Wine Time with Aaron the Wine Guy

Hello Prince Albert! Summer is the perfect opportunity to try something new and to celebrate the occasion, you should check out a white wine called Viognier (pronounced Vee-on-yay). Let’s take a look at this unique grape varietal!

The Viognier vine is rumored to have been transported to France from by the Croatian emperor Probus several centuries ago and was principally cultivated in the Rhone Valley. The best examples of Viognier come from the AOC of Condrieu, in the Northern area of the valley but over the past 20 years, the cultivation of this golden-hued varietal has spread to many regions of the world including Spain, South Africa, Australia, Chile, Germany, Western BC, USA and even Italy where small plots are planted in Piedmont.

Besides France, Viognier has found a second home in several states of the U.S like cooler areas of California, Oregon (where it is second only to Pinot Gris as the most-planted white grape), Washington, Virginia and even Texas.

During the growing season, grapes bud early and ripen mid-season which means that the grapes can ripen quickly and extensive heat can cause the grapes to become flabby with high sugars and low acidity. When grown properly, Viognier grapes make wine that is full-bodied with dry to off-dry sugar levels and a deep, golden color. Well-made Viognier is highly-aromatic with heady aromas of floral honeysuckle, apricots/stone fruits and ginger/gingerbread.

The addition of Viognier into red wines is sometimes practiced in the AOC regions of the Cotes-du-Rhone, Cotes-du-Rhone-Villages and Lirac but is not allowed in the Hermitage, Crozes Hermitage, Saint Joseph (which must be 100% Syrah) or Chateauneuf du-Pape AOCs. Viognier lends body, alcohol and fruity flavor to red blends and will also often be blended along with Grenache Blanc, Chardonnay, Roussanne or Marsanne in white wine blends.

Despite the fact that Viognier grapes easily develop high levels of sugar with lower acidity, the wines that are made from the juice tend to be balanced and elegant. As previously mentioned, grape-growers in hot regions like Australia must grow their crops cautiously and watch the heat of their vineyards lest the grapes overripen and become syrupy resulting in unbalanced wine. To combat the heat, many vineyards are planted at higher altitudes, near bodies of water like rivers, lakes or oceans and some vineyards will even use costly measures like giant blowers or fans to keep cool air circulating through the grapes. All of these practices hope to keep temperatures down to allow acidity in the grapes to develop.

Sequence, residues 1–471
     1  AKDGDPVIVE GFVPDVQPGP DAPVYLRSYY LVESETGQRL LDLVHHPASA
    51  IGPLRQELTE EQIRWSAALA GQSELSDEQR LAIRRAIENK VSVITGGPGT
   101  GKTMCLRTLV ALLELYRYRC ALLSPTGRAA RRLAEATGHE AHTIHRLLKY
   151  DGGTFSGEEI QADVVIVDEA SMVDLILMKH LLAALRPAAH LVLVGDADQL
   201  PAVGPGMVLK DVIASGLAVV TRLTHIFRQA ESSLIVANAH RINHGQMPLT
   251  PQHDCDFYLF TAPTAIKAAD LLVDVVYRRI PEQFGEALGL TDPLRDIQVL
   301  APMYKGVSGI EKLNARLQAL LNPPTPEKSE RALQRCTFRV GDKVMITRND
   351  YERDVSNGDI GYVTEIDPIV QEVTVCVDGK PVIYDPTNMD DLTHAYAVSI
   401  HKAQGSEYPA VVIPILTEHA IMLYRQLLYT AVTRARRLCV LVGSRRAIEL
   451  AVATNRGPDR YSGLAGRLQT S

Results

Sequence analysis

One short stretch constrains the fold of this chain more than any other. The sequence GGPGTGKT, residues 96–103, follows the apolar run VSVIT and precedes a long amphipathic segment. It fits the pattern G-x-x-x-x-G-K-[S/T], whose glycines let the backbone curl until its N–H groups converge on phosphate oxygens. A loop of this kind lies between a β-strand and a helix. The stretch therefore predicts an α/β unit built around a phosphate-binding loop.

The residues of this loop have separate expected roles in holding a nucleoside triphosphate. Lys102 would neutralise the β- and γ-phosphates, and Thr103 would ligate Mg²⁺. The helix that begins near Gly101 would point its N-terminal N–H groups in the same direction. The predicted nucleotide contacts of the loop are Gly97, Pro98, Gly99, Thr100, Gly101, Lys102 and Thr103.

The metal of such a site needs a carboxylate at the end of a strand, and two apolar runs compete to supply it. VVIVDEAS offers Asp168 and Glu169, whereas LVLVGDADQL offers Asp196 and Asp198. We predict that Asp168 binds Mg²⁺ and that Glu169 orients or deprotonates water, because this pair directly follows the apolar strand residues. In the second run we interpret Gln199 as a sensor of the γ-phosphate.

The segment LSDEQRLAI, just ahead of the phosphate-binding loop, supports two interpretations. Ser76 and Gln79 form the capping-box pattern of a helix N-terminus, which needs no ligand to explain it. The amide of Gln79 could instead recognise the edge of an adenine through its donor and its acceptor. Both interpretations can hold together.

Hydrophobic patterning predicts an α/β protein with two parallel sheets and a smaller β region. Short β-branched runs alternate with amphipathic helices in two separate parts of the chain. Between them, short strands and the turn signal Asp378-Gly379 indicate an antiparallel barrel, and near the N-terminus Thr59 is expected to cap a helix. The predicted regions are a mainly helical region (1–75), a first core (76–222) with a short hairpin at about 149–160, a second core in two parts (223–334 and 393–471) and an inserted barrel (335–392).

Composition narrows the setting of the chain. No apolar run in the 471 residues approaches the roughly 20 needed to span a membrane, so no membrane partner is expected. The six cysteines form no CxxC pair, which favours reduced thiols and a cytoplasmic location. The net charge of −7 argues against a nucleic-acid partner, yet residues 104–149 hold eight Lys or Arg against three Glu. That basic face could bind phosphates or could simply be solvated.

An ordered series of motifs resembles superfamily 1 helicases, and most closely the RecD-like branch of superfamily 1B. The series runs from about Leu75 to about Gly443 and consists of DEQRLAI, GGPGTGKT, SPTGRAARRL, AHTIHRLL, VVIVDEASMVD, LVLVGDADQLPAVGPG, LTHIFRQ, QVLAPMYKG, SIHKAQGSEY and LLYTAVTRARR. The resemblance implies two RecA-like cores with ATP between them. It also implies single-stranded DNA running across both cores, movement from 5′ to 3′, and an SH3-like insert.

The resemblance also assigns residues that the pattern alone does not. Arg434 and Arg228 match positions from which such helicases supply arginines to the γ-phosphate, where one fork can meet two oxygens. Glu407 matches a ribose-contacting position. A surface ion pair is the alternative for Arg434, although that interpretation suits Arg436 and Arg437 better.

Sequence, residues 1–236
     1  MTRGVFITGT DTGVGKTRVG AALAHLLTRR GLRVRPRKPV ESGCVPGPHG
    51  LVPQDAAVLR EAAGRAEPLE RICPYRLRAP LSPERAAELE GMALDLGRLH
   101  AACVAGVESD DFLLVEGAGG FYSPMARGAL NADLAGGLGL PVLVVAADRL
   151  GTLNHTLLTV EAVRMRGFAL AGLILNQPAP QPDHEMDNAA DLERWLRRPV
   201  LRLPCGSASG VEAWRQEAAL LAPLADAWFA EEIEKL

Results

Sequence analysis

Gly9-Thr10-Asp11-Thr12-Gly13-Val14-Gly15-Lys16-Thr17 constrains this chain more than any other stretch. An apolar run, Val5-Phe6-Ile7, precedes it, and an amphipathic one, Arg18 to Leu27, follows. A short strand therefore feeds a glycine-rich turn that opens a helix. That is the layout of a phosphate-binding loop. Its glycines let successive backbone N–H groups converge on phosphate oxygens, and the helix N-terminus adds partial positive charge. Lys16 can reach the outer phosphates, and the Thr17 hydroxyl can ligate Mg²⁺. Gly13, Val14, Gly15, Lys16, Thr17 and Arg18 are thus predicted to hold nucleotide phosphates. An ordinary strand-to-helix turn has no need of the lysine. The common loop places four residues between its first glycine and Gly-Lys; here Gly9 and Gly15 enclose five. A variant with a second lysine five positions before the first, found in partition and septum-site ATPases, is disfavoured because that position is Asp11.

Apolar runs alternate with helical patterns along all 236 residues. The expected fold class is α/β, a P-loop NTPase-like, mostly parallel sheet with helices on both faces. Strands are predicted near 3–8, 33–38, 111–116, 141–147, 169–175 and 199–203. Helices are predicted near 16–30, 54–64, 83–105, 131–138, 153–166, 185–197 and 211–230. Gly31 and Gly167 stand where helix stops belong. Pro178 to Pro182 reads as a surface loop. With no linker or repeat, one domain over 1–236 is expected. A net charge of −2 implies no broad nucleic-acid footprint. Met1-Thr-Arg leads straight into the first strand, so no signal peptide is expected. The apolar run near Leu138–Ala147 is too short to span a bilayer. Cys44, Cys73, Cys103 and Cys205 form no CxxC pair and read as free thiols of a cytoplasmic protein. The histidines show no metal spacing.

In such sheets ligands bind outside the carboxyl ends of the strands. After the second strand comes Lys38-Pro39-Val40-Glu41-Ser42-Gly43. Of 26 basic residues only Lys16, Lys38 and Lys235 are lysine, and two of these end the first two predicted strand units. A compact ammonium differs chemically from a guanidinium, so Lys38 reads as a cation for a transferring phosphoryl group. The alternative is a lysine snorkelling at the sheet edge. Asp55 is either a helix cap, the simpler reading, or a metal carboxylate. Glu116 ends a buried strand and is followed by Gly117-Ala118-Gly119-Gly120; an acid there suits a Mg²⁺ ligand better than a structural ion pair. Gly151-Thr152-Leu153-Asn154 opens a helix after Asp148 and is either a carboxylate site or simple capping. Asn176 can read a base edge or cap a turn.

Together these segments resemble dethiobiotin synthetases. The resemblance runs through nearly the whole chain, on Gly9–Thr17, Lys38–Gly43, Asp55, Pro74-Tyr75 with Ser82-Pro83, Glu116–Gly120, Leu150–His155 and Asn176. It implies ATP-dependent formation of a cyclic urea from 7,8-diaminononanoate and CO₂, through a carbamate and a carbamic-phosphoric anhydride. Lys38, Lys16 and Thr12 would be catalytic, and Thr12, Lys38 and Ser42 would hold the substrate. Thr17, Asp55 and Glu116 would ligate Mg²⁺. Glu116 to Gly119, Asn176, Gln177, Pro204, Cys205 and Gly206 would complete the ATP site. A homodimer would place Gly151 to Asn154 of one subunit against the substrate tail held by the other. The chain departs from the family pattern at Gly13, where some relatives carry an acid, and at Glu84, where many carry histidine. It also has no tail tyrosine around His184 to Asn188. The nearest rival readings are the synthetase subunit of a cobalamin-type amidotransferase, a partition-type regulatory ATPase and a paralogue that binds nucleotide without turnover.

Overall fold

You will find several price ranges for Viognier in Prince Albert, including the two I tasted: Cono Sur ($15) and C.C. Jentsch ($30) as well as the La Linda Sweet Viognier from Argentina ($18), Yalumba from Australia ($20) and the St. Laurus Condrieu ($70). There are other brands to find on the shelves besides these so you may have to hunt a while to discover them all.

I have tried several styles of Viognier from the light, simple examples to the more complex, creamy and perfumed versions and they have all offered an enjoyable tasting experience. The Cono Sur Viognier has always been one of my favorites due to the price and its excellent compatibility with foods like sushi or stir-fried vegetables. The full-bodied versions of Viognier are ideal for creamy dishes like curries or risottos but will pair amazingly well with soft, delicate cheese as well.

A quick tip for serving and enjoying your Viognier wine properly: serve the wine at the correct temperature. If the wine is heavy and full-bodied, it will benefit from warming up slightly while the lighter, crisper versions will be more enjoyable at a cooler temperature. To gauge if the wine is the right temperature, think about what you are tasting. Is the wine neutral and lacking specific flavors? It may be too chilled. If the wine is too thick and syrupy or flat tasting, you might be serving it too warm. There’s nothing wrong with trying a small sip or two to decide if the wine is ready to be served. Here are my wine picks of the week!

Cono Sur Bicicleta Reserva Viognier 2021: (Wine of Chile). Off-dry white, medium gold color. The medium-plus intense nose is fruity and delicious with honeyed fruit (apples, apricot), ginger and sweet flowers (fruit blossom and honeysuckle). This Chilean has a quick splash of simple apples and apricots on the mid-palate with a gentle bite of floral spice and a medium-length finish. Medium-plus body with low but balanced acidity. This wine has a bit of weight to it but the fruity flavors and touch of floral character give it some lift. The finish carries a bit of spice bite and a bit of bitterness is noticeable. Medium intensity and concentration make this a simple, but enjoyable sipping wine perfect for pairing with sushi. Great value! Good! $15, 13.5% ABV

C.C. Jentsch Small Lot Series Viognier 2014: (VQA Okanagan Valley, BC). Dry white, pale golden color. The bouquet is simple but focused with medium-plus intense scents of apricot, peach, honey, light florals (honeysuckle/jasmine) and a slightly reduced character. The bright, fruity character of this Viognier resonates immediately on the palate with a beautiful concentration of ripe apricot, apple blossoms and honeysuckle. The wine is silky with an oily texture (medium-plus body) and a tingle is left on the tastebuds as the flavors move from the fruity mid-palate to a long finish, complete with floral spice and honeyed fruit. A tight line of medium-minus acidity runs through the wine and keeps the flavors clean and compact. Excellent focus and defined flavors make this a well-balanced and delicious (if not uncomplicated) Viognier. Pair with creamy dishes like chicken korma or fish like monkfish. Very good! $30, 14% ABV

Cheers and thanks for reading!